I have been unforgivably bad about keeping up with this season of Hit Me With Your Best Shot at The Film Experience; it’s mostly been the case that my Wednesdays are becoming unexpectedly busy at the last minute and I just haven’t had time to hunt for shots, though in the case of the Psycho week, it was a much more prosaic matter of realising much too late to do anything about it that I have no means of getting Blu-Ray screenshots.
This week, though, I couldn’t put it off any more. Not only is it the series’ first animated film – and we know how I love animation – not only is today’s episode a Disney film – we know how I feel about Disney – and not only is it Beauty and the Beast, one of my favorite of all Disney films; on top of all of that, I didn’t even need to pop in the DVD looking for a shot, because I happen to have already clipped it out for my BatB review.
In this, the first shot where Belle and Beast appear together clearly, we see everything that drives the rest of the movie: the incredible size disparity between the towering, threatening Beast and the diminutive Belle, whose pose here is just about the most saintly, virginal moment in the film; the contrast between his warm, violent red, and her placid, calm, cool blue (a color combination flipped in the iconic “Beauty and the Beast” dance sequence; he’s in a blue suit, she in a bright gold gown – but let us not skip ahead of the moment in question). Yet though the Beast is imposing, he does not dominate the shot; partly because Belle’s colors are carried through the background, partly because nearly all the compositional lines direct us towards her face. It is a very balanced shot between the two characters, in fact, and if either of them is in control visually, it might even be Belle and not the Beast. That sets us up nicely for a film in which her influence slowly, steadily changes his worldview and life.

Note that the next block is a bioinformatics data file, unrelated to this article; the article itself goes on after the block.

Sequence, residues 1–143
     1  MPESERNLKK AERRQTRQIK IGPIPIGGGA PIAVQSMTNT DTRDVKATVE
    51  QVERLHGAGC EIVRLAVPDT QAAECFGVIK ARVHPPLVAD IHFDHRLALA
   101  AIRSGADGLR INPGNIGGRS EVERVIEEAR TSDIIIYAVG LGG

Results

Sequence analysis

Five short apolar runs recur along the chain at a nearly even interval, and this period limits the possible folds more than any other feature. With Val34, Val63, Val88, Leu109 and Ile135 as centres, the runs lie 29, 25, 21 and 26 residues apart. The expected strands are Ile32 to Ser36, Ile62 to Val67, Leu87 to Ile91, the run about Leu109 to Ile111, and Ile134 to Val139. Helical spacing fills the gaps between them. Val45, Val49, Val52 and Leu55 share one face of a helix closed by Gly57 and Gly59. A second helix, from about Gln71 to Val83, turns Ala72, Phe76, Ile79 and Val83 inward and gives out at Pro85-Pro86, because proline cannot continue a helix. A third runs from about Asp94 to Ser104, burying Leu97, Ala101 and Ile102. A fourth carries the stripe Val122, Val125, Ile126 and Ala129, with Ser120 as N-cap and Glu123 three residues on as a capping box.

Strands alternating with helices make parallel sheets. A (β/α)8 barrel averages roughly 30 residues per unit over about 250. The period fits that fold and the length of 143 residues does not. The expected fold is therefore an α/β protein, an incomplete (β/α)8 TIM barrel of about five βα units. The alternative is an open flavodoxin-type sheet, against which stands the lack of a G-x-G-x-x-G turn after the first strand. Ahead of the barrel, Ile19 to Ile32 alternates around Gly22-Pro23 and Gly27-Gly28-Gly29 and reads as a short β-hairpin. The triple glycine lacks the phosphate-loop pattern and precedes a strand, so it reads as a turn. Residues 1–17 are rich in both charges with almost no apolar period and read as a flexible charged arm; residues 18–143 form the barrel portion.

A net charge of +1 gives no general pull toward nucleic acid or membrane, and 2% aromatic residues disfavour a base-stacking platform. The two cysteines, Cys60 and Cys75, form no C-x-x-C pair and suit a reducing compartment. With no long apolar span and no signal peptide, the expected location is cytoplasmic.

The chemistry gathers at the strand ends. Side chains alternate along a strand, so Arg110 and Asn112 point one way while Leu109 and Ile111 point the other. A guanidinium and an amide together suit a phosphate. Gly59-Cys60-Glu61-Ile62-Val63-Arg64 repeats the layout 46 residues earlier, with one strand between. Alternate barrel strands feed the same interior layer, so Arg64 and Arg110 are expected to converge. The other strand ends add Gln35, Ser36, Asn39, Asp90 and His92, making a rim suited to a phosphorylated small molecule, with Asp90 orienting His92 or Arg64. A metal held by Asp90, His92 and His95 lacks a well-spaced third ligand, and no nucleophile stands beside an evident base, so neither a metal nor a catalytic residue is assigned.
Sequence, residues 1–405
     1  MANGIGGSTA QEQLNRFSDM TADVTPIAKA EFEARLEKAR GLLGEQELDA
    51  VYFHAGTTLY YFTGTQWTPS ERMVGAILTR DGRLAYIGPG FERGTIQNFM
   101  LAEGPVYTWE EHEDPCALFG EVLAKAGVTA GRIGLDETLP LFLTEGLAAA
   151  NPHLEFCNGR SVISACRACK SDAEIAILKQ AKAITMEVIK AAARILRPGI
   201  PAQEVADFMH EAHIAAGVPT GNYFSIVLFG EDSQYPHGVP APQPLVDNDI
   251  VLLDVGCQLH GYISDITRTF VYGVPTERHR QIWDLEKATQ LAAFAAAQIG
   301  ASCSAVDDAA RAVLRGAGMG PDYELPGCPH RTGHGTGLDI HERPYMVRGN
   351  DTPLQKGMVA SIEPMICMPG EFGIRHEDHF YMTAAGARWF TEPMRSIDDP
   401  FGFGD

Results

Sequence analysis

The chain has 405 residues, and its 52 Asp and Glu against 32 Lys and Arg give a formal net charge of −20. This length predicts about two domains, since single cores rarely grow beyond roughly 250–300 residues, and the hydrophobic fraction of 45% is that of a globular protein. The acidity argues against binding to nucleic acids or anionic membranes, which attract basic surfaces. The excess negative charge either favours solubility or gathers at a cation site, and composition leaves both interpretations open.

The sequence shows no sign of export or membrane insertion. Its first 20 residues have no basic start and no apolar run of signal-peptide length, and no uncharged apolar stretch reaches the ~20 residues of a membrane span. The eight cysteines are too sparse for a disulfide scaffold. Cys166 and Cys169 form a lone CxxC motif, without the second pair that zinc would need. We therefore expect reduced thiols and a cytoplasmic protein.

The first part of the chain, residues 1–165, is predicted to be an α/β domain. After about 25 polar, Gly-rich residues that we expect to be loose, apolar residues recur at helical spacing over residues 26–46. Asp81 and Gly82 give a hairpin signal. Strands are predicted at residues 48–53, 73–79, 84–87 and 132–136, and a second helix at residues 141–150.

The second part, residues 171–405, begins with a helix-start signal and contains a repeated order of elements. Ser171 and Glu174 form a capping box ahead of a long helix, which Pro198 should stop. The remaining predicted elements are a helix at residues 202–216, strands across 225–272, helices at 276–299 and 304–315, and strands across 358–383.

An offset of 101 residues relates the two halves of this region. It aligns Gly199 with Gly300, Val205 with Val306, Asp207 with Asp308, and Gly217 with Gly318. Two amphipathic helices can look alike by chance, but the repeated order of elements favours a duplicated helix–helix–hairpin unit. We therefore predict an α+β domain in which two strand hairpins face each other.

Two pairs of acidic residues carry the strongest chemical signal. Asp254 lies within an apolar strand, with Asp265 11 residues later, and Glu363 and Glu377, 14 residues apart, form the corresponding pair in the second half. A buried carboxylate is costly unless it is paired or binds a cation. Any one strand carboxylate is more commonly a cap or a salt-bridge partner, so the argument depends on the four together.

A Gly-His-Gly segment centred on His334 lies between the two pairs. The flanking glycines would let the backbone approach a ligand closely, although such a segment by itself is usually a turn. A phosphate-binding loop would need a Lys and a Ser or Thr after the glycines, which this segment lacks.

On a more personal note, this shot, and the two immediately preceding it (one of the Beast emerging into the light, one of Belle ducking into the gloom), were the first time that my almost 10-year-old self sat up and took notice of this thing in the cinema called “lighting”, and how it can impact the mood of a scene – not bad for a movie where the lighting was all done with drawings. But look at that wonderfully soft, heavenly glow, binding the two future lovers together in addition to be gorgeous on its own! What better way to be initiated into the glories of cinephiliac manhood?